However, worries have already been raised about the possibility that negative findings derived from experimental paradigms using food-related actions might fail to generalize to the imitation of social conventions (Watson and Caldwell, 2009). Relatedly, from the perspective of our theory, the main problem with this particular study is that it tried to replace an existing instinctive gesture with a novel gesture within a highly familiar context, i.e., begging from humans. The highly familiar situation of food-procurement enables chimpanzees to directly understand a conspecific’s begging action as such in a contextually enabled manner, no matter that it is performed differently. This social understanding of the other’s goal, according to our theory, makes emulation the more likely response. Moreover, there already existed an instinctual response, the open-hand begging gesture, which is universally understood by humans and chimpanzees alike. Indeed, the experimenters recorded these normal begging gestures, showing that there was no communication problem as such. The chimpanzees understood what the trained chimpanzees were doing, i.e., begging for food, and they also understood that the experimenters understood what they themselves were doing, i.e., begging as well. Given this general understanding of the situation by the observing chimpanzees, our theory predicts correctly that the physical details of the trained gestures were obscured behind a direct perception of the other’s goals, thereby leading to emulation.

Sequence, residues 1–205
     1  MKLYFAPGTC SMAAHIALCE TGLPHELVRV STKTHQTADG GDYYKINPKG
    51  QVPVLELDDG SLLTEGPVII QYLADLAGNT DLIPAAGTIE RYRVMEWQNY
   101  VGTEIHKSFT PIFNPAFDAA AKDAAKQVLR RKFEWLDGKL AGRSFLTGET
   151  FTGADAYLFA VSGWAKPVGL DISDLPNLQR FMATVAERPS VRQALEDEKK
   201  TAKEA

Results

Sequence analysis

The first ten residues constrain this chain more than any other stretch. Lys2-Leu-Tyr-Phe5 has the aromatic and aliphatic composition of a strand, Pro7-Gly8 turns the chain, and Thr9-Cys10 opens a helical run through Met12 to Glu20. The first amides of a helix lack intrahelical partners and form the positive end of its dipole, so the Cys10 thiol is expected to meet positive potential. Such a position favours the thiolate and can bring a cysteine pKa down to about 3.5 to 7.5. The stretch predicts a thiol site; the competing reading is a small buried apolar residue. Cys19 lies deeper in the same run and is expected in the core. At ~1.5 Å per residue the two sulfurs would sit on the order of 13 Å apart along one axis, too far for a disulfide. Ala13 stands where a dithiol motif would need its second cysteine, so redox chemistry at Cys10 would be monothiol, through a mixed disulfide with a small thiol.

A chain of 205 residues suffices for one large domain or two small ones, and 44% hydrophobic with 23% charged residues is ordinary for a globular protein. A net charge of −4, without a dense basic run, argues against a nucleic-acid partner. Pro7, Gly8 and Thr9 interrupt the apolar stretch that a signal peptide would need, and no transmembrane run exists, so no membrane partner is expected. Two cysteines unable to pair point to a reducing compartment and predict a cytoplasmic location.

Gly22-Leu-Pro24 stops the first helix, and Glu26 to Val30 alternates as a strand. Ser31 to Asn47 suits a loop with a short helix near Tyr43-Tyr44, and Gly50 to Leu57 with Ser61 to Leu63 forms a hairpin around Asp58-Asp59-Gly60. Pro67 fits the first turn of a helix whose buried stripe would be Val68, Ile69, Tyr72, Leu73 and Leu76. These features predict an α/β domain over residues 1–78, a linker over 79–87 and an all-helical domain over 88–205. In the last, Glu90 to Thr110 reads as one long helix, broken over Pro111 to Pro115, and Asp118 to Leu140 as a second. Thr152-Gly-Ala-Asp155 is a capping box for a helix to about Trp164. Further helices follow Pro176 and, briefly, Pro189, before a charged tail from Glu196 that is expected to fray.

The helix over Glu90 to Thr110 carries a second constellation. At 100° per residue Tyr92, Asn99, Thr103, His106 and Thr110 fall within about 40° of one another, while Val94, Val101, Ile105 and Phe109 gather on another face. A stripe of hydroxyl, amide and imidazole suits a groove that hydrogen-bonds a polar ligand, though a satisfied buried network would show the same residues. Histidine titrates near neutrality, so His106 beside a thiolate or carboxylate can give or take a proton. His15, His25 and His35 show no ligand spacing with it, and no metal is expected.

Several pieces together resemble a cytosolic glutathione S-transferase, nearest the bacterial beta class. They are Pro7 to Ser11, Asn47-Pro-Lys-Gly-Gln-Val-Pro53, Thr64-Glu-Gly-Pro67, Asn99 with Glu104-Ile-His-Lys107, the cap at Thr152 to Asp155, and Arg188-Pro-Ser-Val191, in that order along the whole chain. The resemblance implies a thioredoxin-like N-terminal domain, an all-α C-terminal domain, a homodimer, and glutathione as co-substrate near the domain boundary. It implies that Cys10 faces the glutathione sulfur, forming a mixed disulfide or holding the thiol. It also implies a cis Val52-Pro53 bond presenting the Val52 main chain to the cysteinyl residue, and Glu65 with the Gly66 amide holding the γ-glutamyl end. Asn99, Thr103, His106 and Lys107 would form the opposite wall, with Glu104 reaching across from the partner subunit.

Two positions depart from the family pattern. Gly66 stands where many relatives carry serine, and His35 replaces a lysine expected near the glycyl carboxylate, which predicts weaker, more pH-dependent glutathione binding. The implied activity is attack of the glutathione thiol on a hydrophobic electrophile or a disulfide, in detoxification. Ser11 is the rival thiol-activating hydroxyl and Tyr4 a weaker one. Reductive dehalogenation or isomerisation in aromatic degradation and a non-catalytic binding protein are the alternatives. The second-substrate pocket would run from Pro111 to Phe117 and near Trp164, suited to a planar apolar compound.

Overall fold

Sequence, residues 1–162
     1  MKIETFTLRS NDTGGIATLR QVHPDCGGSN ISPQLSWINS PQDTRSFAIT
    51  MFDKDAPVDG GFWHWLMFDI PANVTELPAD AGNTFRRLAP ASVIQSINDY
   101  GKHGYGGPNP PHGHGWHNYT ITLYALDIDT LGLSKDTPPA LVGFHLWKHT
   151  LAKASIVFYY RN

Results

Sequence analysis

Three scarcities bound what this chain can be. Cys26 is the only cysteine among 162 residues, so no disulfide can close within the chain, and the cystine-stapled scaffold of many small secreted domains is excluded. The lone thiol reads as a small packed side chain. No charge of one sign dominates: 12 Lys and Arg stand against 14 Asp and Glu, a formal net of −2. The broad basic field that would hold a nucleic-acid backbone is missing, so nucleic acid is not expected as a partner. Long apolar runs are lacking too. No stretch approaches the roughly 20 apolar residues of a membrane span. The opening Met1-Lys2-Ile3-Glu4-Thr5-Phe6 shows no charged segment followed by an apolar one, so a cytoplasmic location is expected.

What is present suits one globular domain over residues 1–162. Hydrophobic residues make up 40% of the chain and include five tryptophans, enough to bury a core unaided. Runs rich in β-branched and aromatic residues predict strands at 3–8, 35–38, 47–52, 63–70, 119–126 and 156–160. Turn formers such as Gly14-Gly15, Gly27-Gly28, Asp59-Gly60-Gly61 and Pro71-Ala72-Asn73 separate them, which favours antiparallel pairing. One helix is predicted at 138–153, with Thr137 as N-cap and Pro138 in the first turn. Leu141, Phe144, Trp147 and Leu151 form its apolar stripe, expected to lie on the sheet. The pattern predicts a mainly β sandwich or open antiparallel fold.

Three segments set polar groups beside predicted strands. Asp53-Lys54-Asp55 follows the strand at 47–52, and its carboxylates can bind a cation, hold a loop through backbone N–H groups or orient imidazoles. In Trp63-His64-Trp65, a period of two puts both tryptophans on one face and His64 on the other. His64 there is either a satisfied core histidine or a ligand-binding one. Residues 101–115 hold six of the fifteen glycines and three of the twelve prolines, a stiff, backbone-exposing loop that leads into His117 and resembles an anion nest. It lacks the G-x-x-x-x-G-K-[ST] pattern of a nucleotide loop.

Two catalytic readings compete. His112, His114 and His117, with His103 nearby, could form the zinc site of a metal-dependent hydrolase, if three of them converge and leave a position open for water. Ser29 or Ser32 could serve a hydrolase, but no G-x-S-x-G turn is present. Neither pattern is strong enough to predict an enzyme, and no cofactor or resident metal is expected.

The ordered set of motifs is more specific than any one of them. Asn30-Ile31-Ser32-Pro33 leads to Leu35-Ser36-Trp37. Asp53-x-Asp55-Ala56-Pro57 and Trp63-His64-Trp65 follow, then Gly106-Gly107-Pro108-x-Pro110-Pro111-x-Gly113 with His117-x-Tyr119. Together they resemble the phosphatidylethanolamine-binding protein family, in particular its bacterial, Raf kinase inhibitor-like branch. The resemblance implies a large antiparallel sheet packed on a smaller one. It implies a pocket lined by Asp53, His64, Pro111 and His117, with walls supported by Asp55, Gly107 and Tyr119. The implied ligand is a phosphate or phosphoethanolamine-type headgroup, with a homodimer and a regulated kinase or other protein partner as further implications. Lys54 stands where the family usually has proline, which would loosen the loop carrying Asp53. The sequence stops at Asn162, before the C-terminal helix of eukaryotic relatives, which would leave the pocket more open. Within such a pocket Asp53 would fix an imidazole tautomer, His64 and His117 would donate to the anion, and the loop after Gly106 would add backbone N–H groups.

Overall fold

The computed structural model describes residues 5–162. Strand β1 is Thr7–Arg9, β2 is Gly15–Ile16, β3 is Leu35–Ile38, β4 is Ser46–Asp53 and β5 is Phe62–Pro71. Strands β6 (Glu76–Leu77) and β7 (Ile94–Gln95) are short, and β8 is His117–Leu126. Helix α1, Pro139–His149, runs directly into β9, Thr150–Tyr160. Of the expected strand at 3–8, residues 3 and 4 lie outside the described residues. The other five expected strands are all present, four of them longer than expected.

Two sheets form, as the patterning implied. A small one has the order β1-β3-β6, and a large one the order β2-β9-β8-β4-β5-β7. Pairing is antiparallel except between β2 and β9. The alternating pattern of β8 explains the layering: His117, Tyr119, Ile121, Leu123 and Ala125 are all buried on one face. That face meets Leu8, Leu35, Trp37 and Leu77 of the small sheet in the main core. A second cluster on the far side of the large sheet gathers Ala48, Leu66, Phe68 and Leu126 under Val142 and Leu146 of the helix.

Note that the two theories of perception make differing predictions regarding the role of perception and intelligibility for imitation. First, whereas the HPP entails that the understanding of a perceived action is a secondary, independent cognitive process, the HDP entails that understanding cannot be easily separated from perception itself. As we have shown, there is a growing body of evidence to support the latter assertion. In terms of measurable effects on imitation, there is at least one study of that directly manipulated perceptual experience, and the results are better accommodated by the HDP. It was found that perceptual salience of the demonstrated behavior, as varied by familiarization and distractors, modulates infants’ propensity for rational imitation (Beisert et al., 2012). For instance, when an adult operated a light switch using their head while their hands were visibly unoccupied, 10 out of 14 (73.3%) infants imitated the action, which seems like a rational choice because there could have been an important reason for avoiding the easier option of using the hands. But when the experiment was repeated with two distracting smiley faces placed on the table, one next to each of the unoccupied hands, the tendency for such “rational imitation” was attenuated: although the rational choice should have been the same as before, only 8 out of 15 infants imitated the action (53.3%; Beisert et al., 2012, p. 3). It is therefore possible that some negative results of imitation in non-human primates also suffered from the perceptual effects of distraction and lack of salience.